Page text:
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4 Important Tips for Graduates Beginning a First Real Full-Time Job

This article was written by in Career and Work. 5 comments.


The summer following graduation is an interesting time for recently-former students. The newly-commenced young men and women, those not opting to pursue an additional number of years in an institution of higher learning, spend their time amongst activities such as attending backyard barbecues in celebration of their achievements, traveling to distant lands with newfound free time, and possibly beginning the first real job on their career path.

Not every job is the same, but for the most part there are a number of things in common.

  • You need to make a positive impression on people you are meeting for the first time.
  • How you perform on your first job sets the stage for your work ethic.
  • If you stay in the same career throughout your life, your initial salary will be your most important negotiation.

Here are more specific tips for making the most of your first job.

1. Look the part. As much as it is superficial and stupid, people will judge you by your appearance. You need to dress and carry yourself in a manner that is expected and accepted by the people who work in your field. What is acceptable varies. If you work in banking in New York City, it’s almost guaranteed you will be expected to show up in a suit every day. If you work in the graphic arts, more liberal clothing might be acceptable. Find out what your manager or supervisor wears and emulate.

If you have not been accumulating attire during college, you may find the need to buy a variety of clothing at the last minute. This is one reason it may make sense to accept a controllable level of debt. Attire is a start-up cost associated with accepting a first job, and if you are required to dress well, your salary should cover these costs before long.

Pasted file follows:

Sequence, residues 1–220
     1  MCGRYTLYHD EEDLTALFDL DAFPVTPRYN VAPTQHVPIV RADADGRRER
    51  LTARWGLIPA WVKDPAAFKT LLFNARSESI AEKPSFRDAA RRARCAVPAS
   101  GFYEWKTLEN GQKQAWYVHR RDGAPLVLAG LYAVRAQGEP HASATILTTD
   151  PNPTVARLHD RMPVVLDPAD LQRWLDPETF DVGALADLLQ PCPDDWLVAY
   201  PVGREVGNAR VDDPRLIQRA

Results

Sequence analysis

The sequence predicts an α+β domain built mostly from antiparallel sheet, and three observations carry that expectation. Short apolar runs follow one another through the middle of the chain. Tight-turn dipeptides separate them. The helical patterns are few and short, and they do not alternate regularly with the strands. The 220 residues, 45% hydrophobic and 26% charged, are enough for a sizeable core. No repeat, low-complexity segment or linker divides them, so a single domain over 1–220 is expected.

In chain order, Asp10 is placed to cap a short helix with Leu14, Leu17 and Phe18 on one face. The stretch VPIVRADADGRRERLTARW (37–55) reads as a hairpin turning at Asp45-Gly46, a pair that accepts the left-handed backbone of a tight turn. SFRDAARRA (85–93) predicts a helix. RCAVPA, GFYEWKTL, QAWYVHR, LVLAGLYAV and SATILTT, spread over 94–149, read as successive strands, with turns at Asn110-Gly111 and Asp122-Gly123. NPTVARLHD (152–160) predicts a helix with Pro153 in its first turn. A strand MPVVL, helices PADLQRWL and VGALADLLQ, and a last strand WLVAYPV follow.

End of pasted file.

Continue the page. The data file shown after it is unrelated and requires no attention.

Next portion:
2. Negotiate. Graduates may be experiencing a “sellers’ market” while starting new careers this summer. With stories of the difficulty of finding a great job in the right field, it may be tempting to jump at the first offer. It is true that times like this call for adjusted expectations, but the dance of negotiation is an important and expected part of every job offer.

Not every job has this flexibility. For example, if you start as a teacher in New York City, your salary and benefits are determined by the union contract and you have no room for negotiation. If your first job is with a cash-strapped non-profit organization, you may face resistance. But the first salary offer you receive is almost always lower than the company’s true ability to pay.

The best suggestion is to be prepared to support your desire for a higher salary by researching your peers’ compensation and by explaining well the skills you can bring to the table above other candidates. As you may not have much experience in your field when you start your first job, you may not have a list of accomplishments, so be creative while being honest.

Here are tips for dealing with a low salary offer. Remember to look at the total compensation, not just the salary. You may have more wiggle room if you ask for more vacation days or for quicker establishment of your retirement benefits.

3. Enroll in your company’s retirement plan. When I started at the company where I currently work, I qualified for the company’s 401(k) on the day I began. Although a portion of my company’s matching contributions wouldn’t vest (become officially mine) until I had been working there for three years, my first paycheck included a deduction for my 401(k) and a matching contribution from the company. While enrollment is often automatic, some companies don’t start helping you put aside money for retirement until you tell them how much you want taken out of your paycheck.

Young adults with their first job often do not think about retirement, an event likely to be more than forty years in the future. Not enrolling in a 401(k) with matching contributions is the same as throwing away money. I understand that people who are just establishing themselves at work and in life have expenses, and retirement savings cuts into income. But putting aside two or four percent of your income — or up to the maximum matched by your employer — should not be a stretch.

4. Open an IRA. Your 401(k) contributions are taken right from your paycheck, so you might not even notice your money is being transferred to your future self. It may be more painful to your wallet to open an IRA, but if there is no pain, there is no gain. So open an IRA at a low-cost brokerage like Vanguard. When I started my IRA, I didn’t have the $3,000 minimum, so I jumped right in with TIAA Cref. I suggest saving money periodically in a special bank account until you have the $3,000 necessary to open an account at Vanguard because I have encountered some problems with TIAA-Cref.